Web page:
Emerging economies like India, China and other big economies were initially considered to be the places which will remain unaffected from the distortion of crisis. But despite of the strong fundamentals Indian economy dipped into the crisis. The stock market had lost more than 50% of its value (source: economic times), which shattered the hopes of the Indians. There was continuous monitoring by the Central Bank (Reserve Bank of India) on the market trend. The tornado of crisis had destroyed most of the stock markets, banks and financial institutions after soaring to the new heights of investment.

The below mentioned graph depicts the movement of BSE Sensex & S&P CNX Nifty

Source: SEBI Bulletin November 2008.

BSE Sensex closed at 9788 on October 31, 2008 as against 12680 on September 30, 2008, a fall of 3072 points (almost 24%).The month of October 2008 had been the most volatile month, where Sensex recorded a high of 13055.67 on October 1, 2008 & low of 8509.56 on October 27. Nifty closed 2886 on October 31 against 3921 against 30 September 2008. By the end of a month Nifty registered the fall of 1035 points (almost 27%). The market had shown unpredictability of the base & stability level, dissuading more and more investors to take exit from the market.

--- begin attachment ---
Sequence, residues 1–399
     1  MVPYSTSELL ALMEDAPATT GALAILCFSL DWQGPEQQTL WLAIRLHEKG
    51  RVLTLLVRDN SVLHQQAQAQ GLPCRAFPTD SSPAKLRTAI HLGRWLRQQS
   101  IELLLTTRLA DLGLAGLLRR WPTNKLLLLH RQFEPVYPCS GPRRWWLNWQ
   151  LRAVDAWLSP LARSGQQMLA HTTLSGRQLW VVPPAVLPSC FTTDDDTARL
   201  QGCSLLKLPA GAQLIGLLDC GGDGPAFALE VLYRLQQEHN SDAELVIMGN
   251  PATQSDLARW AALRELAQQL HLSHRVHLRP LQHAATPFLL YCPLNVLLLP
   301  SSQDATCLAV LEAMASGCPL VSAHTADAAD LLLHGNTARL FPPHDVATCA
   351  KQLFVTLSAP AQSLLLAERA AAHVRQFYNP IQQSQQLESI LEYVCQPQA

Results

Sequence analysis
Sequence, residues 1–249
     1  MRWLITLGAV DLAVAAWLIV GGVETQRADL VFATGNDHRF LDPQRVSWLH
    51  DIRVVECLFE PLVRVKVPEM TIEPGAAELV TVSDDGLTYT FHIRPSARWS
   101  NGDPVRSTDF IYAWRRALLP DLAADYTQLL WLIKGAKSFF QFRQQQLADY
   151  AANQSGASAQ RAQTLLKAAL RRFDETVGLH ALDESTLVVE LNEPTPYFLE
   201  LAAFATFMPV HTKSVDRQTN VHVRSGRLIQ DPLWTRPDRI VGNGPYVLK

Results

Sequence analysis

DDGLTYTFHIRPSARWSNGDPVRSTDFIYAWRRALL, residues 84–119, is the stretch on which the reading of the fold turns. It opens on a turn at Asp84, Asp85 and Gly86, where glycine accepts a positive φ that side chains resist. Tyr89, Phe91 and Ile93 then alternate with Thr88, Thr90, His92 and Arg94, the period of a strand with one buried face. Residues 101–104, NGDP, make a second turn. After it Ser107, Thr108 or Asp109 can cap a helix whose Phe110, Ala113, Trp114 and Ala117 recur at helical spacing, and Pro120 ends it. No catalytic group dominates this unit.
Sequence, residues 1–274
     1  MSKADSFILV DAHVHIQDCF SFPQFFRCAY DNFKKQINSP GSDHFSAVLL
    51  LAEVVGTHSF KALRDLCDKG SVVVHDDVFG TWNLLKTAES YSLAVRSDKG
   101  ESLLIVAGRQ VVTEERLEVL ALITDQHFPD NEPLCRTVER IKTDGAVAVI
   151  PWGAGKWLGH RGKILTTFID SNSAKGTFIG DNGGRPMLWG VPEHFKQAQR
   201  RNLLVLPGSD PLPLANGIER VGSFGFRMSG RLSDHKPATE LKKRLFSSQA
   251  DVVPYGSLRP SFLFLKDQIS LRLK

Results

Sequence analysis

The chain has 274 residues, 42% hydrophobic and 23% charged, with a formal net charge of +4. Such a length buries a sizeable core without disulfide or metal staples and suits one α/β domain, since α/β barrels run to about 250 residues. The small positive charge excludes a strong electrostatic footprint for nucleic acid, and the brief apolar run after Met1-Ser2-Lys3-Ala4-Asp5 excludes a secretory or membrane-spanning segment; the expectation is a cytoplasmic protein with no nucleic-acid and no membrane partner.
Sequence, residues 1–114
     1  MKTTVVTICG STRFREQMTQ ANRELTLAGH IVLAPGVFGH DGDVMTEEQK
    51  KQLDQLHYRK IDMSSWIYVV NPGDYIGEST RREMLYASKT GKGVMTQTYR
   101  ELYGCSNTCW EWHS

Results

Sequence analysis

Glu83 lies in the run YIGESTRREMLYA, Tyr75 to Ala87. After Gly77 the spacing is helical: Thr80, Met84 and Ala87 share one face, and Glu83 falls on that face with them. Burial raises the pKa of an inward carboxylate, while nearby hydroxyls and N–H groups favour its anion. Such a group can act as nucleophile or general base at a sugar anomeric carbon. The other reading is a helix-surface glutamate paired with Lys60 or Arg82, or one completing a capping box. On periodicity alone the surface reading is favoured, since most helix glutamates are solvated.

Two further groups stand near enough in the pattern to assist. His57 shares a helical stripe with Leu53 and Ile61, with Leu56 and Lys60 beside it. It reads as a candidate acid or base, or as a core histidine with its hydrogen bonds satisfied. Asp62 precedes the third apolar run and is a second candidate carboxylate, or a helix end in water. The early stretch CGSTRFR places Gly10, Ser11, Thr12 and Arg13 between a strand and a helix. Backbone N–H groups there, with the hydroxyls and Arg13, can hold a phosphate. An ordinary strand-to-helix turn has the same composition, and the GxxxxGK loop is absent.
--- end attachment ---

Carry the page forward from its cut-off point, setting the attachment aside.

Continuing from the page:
The Financial crisis:

A Sub-prime loan is a type of mortgage loan made to borrowers who have at least one of the following characteristics:

(1) Low credit scores;

(2) The inability to post the traditional 20 percent down-payment for a home; and/or

(3) The inability to fully document their income.

The subprime crisis is not the result of recent financial innovations and developments, but it is the outcome of lax capitalism policies which had been developed by the US government. In the fifties American government passed a legislation to delink the commercial banking & investment banking. The legislation stated implied that a commercial bank cannot open an investment bank.